The horrors of the Plaza Miranda bombing on August 21, 1971 and Ninoy Aquino’s assassination on August 21, 1983 still haunt Filipinos as we commemorate the twin tragedies.
Albay Rep. Edcel C. Lagman, the lone authentic House opposition member, underscored this, even as he decried that the “real masterminds of both vile and abhorrent crimes have never been brought to justice.”
Lagman said 51 years ago, “the Filipino nation was horrified, even as the world was shocked, by the viciousness of the Plaza Miranda bombing during the proclamation rally of the senatorial candidates of the Liberal Party and its local aspirants in the City of Manila.”
Twelve years later, on the exact same date, Sen. Ninoy Aquino, the principal opposition figure against the martial law regime, was brutally slain as he arrived at the Manila International Airport from three years of voluntary exile in the United States.
Lagman stated that “while the Plaza Miranda bombing eventually led to the declaration of martial law the following year, the assassination of Ninoy ultimately led to the people’s liberation as they ousted the dictator in the peaceful EDSA people power revolution.”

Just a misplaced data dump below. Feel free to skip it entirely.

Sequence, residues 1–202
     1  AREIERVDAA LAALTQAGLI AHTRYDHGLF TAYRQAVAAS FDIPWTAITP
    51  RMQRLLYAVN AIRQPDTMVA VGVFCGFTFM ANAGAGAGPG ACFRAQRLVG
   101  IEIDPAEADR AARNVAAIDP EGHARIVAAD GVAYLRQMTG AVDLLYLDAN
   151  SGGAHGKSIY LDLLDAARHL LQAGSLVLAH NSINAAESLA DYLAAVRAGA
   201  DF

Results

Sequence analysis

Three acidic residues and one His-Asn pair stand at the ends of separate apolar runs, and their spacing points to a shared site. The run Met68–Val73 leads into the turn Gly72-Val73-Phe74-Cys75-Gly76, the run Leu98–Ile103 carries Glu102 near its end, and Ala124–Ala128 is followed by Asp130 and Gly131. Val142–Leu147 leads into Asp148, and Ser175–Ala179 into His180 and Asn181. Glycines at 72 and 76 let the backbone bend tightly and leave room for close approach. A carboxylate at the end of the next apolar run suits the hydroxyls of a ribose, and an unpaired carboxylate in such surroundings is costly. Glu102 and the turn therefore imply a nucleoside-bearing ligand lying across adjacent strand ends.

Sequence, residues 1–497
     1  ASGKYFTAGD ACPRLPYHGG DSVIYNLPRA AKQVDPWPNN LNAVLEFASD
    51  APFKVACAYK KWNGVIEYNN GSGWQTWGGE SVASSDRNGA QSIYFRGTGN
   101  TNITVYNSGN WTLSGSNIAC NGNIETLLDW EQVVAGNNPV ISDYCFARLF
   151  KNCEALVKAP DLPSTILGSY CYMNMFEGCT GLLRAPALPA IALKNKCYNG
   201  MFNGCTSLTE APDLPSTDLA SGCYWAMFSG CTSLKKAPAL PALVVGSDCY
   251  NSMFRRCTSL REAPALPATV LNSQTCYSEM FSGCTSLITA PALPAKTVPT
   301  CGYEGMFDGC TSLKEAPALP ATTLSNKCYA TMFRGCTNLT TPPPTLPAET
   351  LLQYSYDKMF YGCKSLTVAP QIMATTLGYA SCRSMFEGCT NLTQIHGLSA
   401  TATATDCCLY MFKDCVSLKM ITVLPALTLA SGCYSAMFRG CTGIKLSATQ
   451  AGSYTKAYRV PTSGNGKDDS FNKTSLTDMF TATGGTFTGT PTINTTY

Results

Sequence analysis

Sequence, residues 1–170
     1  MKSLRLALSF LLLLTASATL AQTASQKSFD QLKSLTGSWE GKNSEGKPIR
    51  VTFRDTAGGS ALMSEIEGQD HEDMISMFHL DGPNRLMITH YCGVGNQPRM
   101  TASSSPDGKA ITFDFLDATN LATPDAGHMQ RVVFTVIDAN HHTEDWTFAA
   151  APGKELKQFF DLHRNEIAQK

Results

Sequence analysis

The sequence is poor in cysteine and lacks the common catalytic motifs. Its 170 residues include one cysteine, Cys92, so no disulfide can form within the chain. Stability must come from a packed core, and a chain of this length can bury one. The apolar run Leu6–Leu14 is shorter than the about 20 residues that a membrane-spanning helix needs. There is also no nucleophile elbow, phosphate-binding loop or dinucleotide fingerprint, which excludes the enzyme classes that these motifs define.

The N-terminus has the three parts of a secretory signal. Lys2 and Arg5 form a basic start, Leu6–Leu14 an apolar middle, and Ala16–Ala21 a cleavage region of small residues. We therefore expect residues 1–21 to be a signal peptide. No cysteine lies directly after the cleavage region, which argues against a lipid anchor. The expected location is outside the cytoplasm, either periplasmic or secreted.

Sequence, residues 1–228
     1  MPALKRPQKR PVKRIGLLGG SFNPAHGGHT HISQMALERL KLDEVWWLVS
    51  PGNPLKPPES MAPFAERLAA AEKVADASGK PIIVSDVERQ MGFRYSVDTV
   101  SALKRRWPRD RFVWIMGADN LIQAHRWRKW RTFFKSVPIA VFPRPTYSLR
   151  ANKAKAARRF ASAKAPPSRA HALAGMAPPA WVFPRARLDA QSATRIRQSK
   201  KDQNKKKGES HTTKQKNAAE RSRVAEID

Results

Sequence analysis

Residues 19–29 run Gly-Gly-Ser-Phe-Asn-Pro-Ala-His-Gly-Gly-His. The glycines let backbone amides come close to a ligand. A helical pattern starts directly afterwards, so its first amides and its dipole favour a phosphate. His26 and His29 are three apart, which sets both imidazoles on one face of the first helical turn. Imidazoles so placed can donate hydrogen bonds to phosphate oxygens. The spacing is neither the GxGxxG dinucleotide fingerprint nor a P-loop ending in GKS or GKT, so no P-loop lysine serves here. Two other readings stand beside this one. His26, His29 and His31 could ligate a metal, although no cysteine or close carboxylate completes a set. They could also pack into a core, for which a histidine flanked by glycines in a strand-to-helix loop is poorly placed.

The Bicol solon emphasized that “although the Filipino people were the ultimate victims of these two gruesome events, the Liberal Party (LP) and its patriotic and courageous leaders were the direct victims.”
In Plaza Miranda bombing, 10 persons were killed and hundreds hurt including LP stalwarts who were gravely injured, even maimed, like Senators Jovito Salonga and Eddie Ilarde; Liberal Party President Gerry Roxas; LP senatorial candidate John Osmeña and guest candidate Eva Estrada-Kalaw; and then-Palawan Congressman Monching Mitra, all of whom won in the November 1971 senatorial elections, together with Genaro Magsaysay. Also injured were LP candidates for Manila Mayor Ramon Bagatsing and for Vice Mayor Martin Isidro, who also both won.
Sen. Salonga was left blind in one eye and deaf in one ear, and when he died 45 years later, small pieces of shrapnel remained embedded in his body. Mayor Bagatsing lost a leg.
When the prominent LP senator Ninoy Aquino was slain, he was the most vocal critic of the dictator and his martial law regime.
He added that the “challenges of the Plaza Miranda bombing and the killing of Ninoy Aquino continue to confront us today.”
EDCEL C. LAGMAN